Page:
Warehouse/Distribution space requirements pushing demand
Of the current 6.0 million sq. ft. under construction in the Houston industrial market, construction starts in 2017 represented 3.8 million sq. ft. of that total, with a current overall availability rate of 70%. In the coveted Northwest submarket, the two largest speculative projects underway are 525 Cane Island Parkway in West Ten Business Park, a 673,785-sq.-ft. distribution center in Katy that broke ground in late September, with plans to deliver in July 2018; and Northwest Logistics Center, a 411,442-sq.-ft. distribution center located at 6751 N. Eldridge Parkway on a 26-acre site just south of Hwy. 290 and west of Beltway 8, with a scheduled completion date of June 2018. Considering the shortage of bulk distribution space available for lease, and the ever-growing demand from retailers for Warehouse/Distribution space, both projects are awaiting pre-leasing activity.
Average asking NNN rent remains steady
The industrial market saw overall average asking rates slide $0.04 per sq. ft. lower quarter-over-quarter to finish at $6.71 per sq. ft. at the end of Q4 2017. The average rate for Flex space is currently at $9.26 per sq. ft.; Manufacturing rates are at $6.09; and Warehouse/Distribution space sits at $6.51. Total industrial inventory followed in the Houston market area amounted to 550 million sq. ft. in 11,400 buildings. The Flex sector consisted of 48 million sq. ft. (9%); Manufacturing made up 85 million sq. ft. (15%); and Warehouse/Distribution space accounted for 417 million sq. ft. (76%). In addition, within the industrial market are 3,000 owner-occupied buildings representing 169 million sq. ft.
Strong investment sales and leasing activity
Real Capital Analytics data reports the rolling 12-month industrial sales volume as of December 2017 in the Houston area at $1.497 billion, resulting in a 102.1% change versus the prior 12 months. The buyer composition in 2017 was made up of 40% private, 25% institutional, 16% public listed/REITs, 12% cross-border, and 7% user/other. Top sales transactions in December for the Houston industrial market include Duke Realty’s purchase of Bayport North Distribution Center II, a 772,500-sq.-ft., 2-building portfolio from Mountain West; and the Rodney George acquisition of 9835 Genard Road in northwest Houston, a 485,832-sq.-ft. distribution/warehouse from First Industrial Realty Trust, with tenant Emser Tile awaiting completion of their 600,000-sq.-ft. build-to-suit in Pinto Business Park in north Houston.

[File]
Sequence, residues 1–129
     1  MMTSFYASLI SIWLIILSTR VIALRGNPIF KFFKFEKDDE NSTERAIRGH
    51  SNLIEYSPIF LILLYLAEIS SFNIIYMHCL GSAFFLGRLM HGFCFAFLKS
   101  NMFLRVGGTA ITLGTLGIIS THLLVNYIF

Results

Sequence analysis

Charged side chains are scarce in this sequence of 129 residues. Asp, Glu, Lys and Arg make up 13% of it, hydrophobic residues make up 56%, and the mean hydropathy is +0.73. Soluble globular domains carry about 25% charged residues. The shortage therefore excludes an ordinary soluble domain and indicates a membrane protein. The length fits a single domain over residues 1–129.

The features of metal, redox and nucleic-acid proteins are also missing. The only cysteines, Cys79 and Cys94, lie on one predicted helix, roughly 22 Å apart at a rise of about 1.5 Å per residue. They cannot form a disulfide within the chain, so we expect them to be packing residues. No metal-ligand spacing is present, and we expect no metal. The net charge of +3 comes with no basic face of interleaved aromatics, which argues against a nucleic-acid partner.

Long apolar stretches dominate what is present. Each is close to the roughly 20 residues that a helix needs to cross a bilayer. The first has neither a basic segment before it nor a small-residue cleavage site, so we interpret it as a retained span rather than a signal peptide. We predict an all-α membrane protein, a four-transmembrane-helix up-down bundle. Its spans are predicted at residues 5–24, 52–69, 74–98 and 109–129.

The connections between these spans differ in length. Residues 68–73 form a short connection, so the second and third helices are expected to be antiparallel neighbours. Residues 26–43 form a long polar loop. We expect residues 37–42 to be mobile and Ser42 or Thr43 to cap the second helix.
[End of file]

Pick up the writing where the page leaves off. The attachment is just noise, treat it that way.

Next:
Leasing activity increased during the fourth quarter with a total of 5.5 million sq. ft. leased in the Greater Houston market. This is in comparison to 5.0 million sq. ft. leased throughout Q3 2017. Warehouse/Distribution space dominated at 4.8 million sq. ft. or 87%, followed by Flex space fulfilling 505,000 sq. ft., and Manufacturing space satisfying 209,000 sq. ft. Top lease transactions that were signed in the fourth quarter include Rooms To Go taking 373,860 sq. ft. in Mason Park at 2244 N. Mason in Katy; NFI inking the deal on 244,550 sq. ft. in Greenspoint Business Center at 121 Esplanade Blvd.; and Palmer Logistics signing a 231,875 sq. ft. lease in Bayport North Industrial Park in Pasadena.
Keeping an eye on crude and rig count
West Texas Intermediate traded between $55.79 and $60.46 per barrel in December 2017 compared to $49.85 and $54.01 in December 2016. The U.S. Energy Information Administration recently said it expects crude prices to average $54.01 a barrel in the first quarter of 2018, up from its previous forecast of $51.79 a barrel. In the fourth quarter, it said, prices could average $57.31 a barrel, up from its last projection of $54.95 a barrel. Baker Hughes reported the average U.S. rig count for December 2017 was 930, up 19 from the 911 counted in November 2017, and up 296 from the 634 counted in December 2016. The rig count peaked at 958 in late July, then briefly declined, but has trended upward since early November.
Director of Research